Should Karla Have Been Executed?
Should Karla Have Been Executed?
by Rabbi Chaim Steinmetz *
The execution of Karla Faye Tucker polarized public opinion around the world. Tucker, a former prostitute and drug addict, murdered two people in 1983 with a pickaxe. In prison, Tucker became a born again Christian, got her high school equivalency diploma, and eventually married the prison chaplain. Because of her dramatic transformation on death row, many, including supporters of the death penalty, called for her sentence to be commuted. After all her appeals were rejected, Tucker was executed by lethal injection. Her execution raises a difficult question: Should a criminal who repents be executed for her crimes?
Both the Bible and the Talmud are clear that repentance changes divine judgement. The prophet Ezekiel (18:21-23) writes: "But if the wicked will turn from all the sins which he has committed, and keep all my statutes...he shall surely live, and shall not die...Have I any pleasure at all that the wicked should die? Says the Lord, God; and not rather that he should return from his ways and live?". The Talmud (Kiddushin 40b) says that when a person repents, all previous sins are forgotten by God. Repentance has the ability to erase one's sins before God.
While repentance can reverse divine judgement, it has less influence on human judgement. There are instances where penalties are changed or waived in order to facilitate repentance (Baba Kamma 66b; Rambam Gezielah 1:13). However, the Talmud (Makkot 13b) states that a criminal guilty of a capital crime is put to death, even if they have repented. Considering that in the divine court, a repentant person "shall surely live, and shall not die", why don't human courts follow God's example and grant clemency to repentant criminals?
Four answers are given to this question. Some say (Maharal, Derech Chaim chapter 4) that there is a fundamental distinction between divine justice and mundane, human justice. Divine justice is based on a person's relationship with God. If a person has repaired his relationship with God through repentance, than he will be forgiven by God for his sins. In human courts, justice is based solely on past actions; therefore, no amount of repentance can change what has already been done.
Another answer (Abrabanel Exodus 7:3) focuses on a deficiency in the murderer's repentance. Repentance for sins between man and his fellow man is not complete until the person wronged has forgiven the criminal for his sin (Yoma 85b). In a case of murder, it is impossible to do complete repentance, because it is impossible to receive forgiveness from the victim; the forgiveness of the victim's family is not enough. Considering this, it is impossible for a murderer to do complete repentance, and be forgiven.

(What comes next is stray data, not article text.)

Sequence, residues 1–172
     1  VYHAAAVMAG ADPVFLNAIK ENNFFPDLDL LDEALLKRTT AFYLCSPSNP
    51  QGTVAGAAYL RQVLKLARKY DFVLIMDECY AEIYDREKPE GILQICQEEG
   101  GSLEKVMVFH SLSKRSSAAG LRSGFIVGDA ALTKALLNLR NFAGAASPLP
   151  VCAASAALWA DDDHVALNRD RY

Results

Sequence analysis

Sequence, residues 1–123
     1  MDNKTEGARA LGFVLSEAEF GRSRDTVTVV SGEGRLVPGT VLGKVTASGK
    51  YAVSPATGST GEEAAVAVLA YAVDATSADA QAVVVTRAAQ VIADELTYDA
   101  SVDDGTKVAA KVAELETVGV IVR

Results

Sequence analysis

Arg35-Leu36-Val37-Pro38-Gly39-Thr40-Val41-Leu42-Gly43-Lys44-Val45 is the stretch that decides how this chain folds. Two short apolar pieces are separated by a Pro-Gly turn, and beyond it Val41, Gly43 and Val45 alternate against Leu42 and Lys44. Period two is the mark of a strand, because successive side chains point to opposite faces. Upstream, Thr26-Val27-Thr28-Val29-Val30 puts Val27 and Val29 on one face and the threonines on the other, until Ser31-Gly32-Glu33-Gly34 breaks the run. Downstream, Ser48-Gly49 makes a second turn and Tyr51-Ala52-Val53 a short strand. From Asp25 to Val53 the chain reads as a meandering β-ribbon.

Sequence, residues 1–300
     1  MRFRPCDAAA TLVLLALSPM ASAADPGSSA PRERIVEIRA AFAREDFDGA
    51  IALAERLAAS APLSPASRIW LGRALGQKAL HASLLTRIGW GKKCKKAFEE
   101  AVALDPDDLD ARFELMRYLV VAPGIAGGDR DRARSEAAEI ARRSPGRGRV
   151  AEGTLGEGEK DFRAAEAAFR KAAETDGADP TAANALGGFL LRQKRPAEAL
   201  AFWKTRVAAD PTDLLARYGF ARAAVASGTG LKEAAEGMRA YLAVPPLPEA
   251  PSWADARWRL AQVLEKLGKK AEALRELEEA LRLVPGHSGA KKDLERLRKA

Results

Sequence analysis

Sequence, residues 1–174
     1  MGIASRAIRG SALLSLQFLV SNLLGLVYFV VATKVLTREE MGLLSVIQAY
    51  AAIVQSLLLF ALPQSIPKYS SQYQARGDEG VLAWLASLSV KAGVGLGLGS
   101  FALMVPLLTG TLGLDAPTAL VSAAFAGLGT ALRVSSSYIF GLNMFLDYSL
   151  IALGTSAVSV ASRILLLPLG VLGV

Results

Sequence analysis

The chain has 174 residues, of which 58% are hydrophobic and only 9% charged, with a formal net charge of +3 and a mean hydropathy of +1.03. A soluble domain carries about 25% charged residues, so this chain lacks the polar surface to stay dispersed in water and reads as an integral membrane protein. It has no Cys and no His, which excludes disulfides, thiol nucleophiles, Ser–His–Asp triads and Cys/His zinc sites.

Others argue (Nodah BeYehuda OC I:35) that if we would allow repentant killers to avoid the death penalty, then everyone on death row would repent, and the death penalty would never be used. Without the death penalty, there would be less to deter future murders. In order to deter future murders from plaguing the community, we must execute all murderers, even if they have repented.
Another answer given (cited in Hegyonei Halacha, vol. I page 147) is that it is impossible to know whether the criminal has sincerely repented. The criminal has good reason to fake repentance in order to avoid being executed. It is impossible for another person to know if the murderer is a genuine penitent, or just afraid of execution. Only God knows what is in a person's heart, and therefore only God can accept repentance.
In the Jewish court system, the death penalty was exceedingly rare (Makkot 7a). However, when someone was sentenced to death, they would not be freed if they repented. Because of concerns about deterring other criminals, questions about the sincerity, thoroughness and relevance of the criminal's repentance, human courts cannot block an execution because of repentance. However, in God's eyes, one who repents is as if she has gotten a "new heart and new spirit" (Ezekiel 18:31) and started a new life.
Reprinted with permission of Rabbi Chaim Steinmetz
*) Rabbi Chaim Steinmetz is the spiritual leader of Tifereth Beth David Jerusalem in Montreal, Quebec. He writes a column on Jewish Law for the Canadian Jewish News, and writes a column and hosts an internet Jewish study group for the Microsoft Network. He is a member of the executive board of the Rabbinical Council of America, the Vice President of the Montreal Board of Jewish Ministers, and a member of the board of directors of the Jewish Educational Council of Montreal and Hillel-Jewish Students Center of Montreal. He recieved his ordination from Yeshiva University, where he was a fellow of the Gruss Kollel Elyon. He has a M.A. in Jewish Philosophy from the Bernard Revel Graduate School, and a M.A. in Education from Adelphi University.
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